How successful are you finding this 'sample business' and how does it compare to full bottle sales?

The primary role of the sample service is to allow consumers to try before they buy, and in comparison to the full-sized bottles the volume that we sell is  tiny. The focus of the sample service has always been to allow people that are really interested in expanding their tasting repertoire to do so in a convenient and comparatively inexpensive way – we’ve never seen it as a money-spinner. Overall though, we’re incredibly pleased with the way the samples are going. Literally every day we get positive comments from our customers about how exciting and innovative they find the service, and from a commercial perspective we’re seeing an uplift in the number of bottles we’re selling as a result.


I am a little surprised you only talk about the sample sales growing from "try before you buy" rather than thanks to the proliferation of whisky bloggers who wish to try lots of different distilleries without actually buying full (and often expensive) bottles.

It goes without saying that we are incredibly grateful to the whisky blogging community as a whole for their to-a-man support and encouragement, but from a commercial perspective the number of orders and sales coming from bloggers and vocal members of the online community are actually fairly small. The majority of sales are from everyday consumers who are curious about why they should pay an extra £10-50 for the next expression up in their favourite distillery’s range, or take a foray into the world of superb independent bottlings that are out there.

There is of course the happy side-effect that bloggers and whisky super-enthusiasts (I include myself in both these groups by the way)  can taste an absolutely astonishing array of whiskies and other spirits in a comparatively inexpensive way.

    Ian Macleod "Chieftain's" Imperial, 18y, 43% ABV

The colour of this Imperial is unbelievably pale, I've seen new spirit with more colour, but never mind, I don't believe in judging a whisky by colour. In fact, this particular Imperial had a quite strong and immediate nose, The palate was one of perfumed grasses and a hint of liquorice, but in spite of the long finish, it still seemed to be lacking a little 'something'. Perhaps a few more abv's?

  Signatory Imperial, 1982, 27y, 58.3% ABV

A rich gold colour signifies an immediate difference to the above Imperial. The nose is also much stronger with lots of lightly perfumed, aromatic wood and plenty of suggestion of my favourite childhood "olde Worlde sweet shoppe". The palate introduces lots of fruits like peach and melon alongside the aromatic wood and butterscotch, then even hints at raspberry coconut as it glides into the very long lingering finish. I love this whisky!


    Signatory, Linlithgow, 26y, distilled 1982, 61.2% ABV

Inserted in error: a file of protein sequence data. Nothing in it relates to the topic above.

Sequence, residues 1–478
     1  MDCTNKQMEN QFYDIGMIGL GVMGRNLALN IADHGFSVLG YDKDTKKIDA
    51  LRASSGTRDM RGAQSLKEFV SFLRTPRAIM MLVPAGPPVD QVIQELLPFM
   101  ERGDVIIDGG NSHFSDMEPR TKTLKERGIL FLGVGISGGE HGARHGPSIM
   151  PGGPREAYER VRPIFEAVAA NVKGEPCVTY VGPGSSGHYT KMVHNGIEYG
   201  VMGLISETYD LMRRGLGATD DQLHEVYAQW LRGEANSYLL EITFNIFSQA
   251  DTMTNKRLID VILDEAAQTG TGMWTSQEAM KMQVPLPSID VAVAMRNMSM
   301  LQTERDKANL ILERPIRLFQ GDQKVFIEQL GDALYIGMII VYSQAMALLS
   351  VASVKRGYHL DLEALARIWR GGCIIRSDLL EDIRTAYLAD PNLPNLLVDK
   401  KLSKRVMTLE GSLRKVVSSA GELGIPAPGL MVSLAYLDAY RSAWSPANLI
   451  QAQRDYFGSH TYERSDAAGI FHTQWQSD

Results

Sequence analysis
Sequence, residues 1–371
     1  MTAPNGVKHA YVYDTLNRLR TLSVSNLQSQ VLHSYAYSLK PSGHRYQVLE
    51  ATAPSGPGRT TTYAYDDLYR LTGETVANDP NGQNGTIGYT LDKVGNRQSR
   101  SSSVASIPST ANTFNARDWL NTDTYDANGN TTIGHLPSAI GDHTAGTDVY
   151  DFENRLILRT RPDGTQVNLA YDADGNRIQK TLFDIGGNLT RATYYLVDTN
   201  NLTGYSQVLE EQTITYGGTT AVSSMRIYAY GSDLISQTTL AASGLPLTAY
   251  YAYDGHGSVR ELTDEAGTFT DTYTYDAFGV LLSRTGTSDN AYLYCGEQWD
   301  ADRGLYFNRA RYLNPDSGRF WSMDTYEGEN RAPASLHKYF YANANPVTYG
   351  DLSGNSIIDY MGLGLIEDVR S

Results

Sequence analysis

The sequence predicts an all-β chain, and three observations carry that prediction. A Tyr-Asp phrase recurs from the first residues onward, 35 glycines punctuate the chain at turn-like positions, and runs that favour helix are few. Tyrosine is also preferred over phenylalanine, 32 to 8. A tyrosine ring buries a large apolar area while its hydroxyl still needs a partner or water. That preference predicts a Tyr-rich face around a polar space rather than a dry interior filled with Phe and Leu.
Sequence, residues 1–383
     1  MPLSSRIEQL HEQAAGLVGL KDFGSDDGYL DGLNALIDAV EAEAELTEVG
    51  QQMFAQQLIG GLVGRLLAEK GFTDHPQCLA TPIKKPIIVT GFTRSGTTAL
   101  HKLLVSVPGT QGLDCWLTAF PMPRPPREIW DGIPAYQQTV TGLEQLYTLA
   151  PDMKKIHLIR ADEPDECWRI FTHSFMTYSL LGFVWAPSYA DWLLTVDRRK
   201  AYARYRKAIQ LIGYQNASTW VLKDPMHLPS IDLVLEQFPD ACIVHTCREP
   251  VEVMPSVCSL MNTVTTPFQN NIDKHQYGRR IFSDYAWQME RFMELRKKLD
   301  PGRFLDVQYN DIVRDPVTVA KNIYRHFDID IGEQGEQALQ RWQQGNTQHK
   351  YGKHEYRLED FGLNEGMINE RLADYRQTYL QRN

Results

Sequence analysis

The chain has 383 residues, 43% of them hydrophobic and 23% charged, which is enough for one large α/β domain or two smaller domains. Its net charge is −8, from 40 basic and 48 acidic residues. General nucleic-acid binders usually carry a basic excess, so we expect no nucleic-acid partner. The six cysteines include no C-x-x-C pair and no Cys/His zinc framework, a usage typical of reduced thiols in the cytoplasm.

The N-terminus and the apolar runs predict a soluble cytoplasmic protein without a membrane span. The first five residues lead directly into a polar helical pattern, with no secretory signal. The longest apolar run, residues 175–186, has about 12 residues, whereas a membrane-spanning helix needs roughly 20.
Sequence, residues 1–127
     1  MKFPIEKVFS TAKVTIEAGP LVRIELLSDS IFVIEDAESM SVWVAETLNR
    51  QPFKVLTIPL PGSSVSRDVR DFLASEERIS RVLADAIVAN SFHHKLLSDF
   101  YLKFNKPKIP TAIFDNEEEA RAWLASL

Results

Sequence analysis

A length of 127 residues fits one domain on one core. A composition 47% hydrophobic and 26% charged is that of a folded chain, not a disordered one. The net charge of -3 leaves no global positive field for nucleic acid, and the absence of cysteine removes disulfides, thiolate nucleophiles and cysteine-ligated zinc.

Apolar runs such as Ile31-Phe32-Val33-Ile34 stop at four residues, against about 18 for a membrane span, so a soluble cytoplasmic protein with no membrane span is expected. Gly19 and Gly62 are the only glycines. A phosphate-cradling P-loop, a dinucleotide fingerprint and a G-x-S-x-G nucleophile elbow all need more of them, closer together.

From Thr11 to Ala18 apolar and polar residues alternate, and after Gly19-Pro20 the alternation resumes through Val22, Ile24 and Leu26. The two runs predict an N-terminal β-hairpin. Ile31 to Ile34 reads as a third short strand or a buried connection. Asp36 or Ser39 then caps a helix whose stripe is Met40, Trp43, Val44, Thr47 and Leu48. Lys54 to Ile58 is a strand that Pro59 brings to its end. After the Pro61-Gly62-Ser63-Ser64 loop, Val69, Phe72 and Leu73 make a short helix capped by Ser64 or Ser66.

The nose offers a quite complex mixture of extremely aromatic and gently perfumed wood, some butterscotch or mild toffee and a good old fruit cocktail. The palate is creamy and warming, but at 61% it's also filled with alcohol burn, although this doesn't prevent some wonderful fruit and toffee flavours coming through.  A very long finish makes me want to come back to this over the next few days and experiment with adding water.

  Signatory, Kinclaith, 35y, distilled 28th May 1969, 53.3% ABV

Rich, well polished aged oak initially greets the nose, followed after some minutes by a slight antiseptic quality and suggestions of oil, of the petroleum kind. No hint of oil on the palate as the polished wood is joined by dark fruits like raisins and also a touch of marzipan. A few drops of water increase the presence of the nuttiness and also enhance the light perfume of the wood. This is undoubtedly a good whisky with plenty of rich flavours, but I still wouldn't classify it as a 'great' and as for the price .........



My conclusions firstly state that three of these four whiskies are very good, just one, the 18y CHieftain's Imperial was a slight disappointment, but none of this is any fault of the seller as they are not the bottler in this case.

I have promised (or threatened) a totally honest review of the service I have received from Master of Malt and I can honestly say that this cannot be faulted. These 3cl sample bottles just have to be the cutest ones I've ever seen, with their solid dumpiness, that wax-style seal and rustic, parchment-like labels. All in all there is great attention to presentation and detail which is so often lacking these days.

Would I change anything? Well, I personally like to experiment with adding water to my drams and this is quite difficult with a sample of 3cl, so I may suggest slightly more voluminous samples of 5cl, although with such affordable samples (OK, maybe not the Kinclaith) I think buying 2x 3cl of each would be a great idea.


The sample or "try before you buy" concept is a true God-send to people like myself, especially when it comes to rarer or more expensive drams, I mean, almost €800 for that Kinclaith would immediately make it a non-starter for me, but a 3cl sample ..... why not indeed?


Thank you Master of Malt (and of course other sellers offering samples) for the opportunity to be able to fill many of those distillery gaps in my tasting notes and long may you continue!


Now, if you should happen to have an affordable Ben Wyvis or even Craiglodge, Glen Douglas, Hillside, Killyloch or Kininvie ..........


Thursday October 7th

Under the spotlight or "Finding that dream-job"



As many of my Dram-atics readers will know, I tend to spend quite some time communicating with various whisky people on twitter. We are all fortunate that social media sites like twitter are not only frequented by whisky anoraks like myself, but also by a good number of industry people who readily answer questions and give us an insight into what's going on in the world of whisky that we love so much.

One such person was Donald Maclellan, known to most as "Bruich_Sales" for some time now, but unfortunately, he disappeared from the face of twitter recently, which left me wondering what had happened.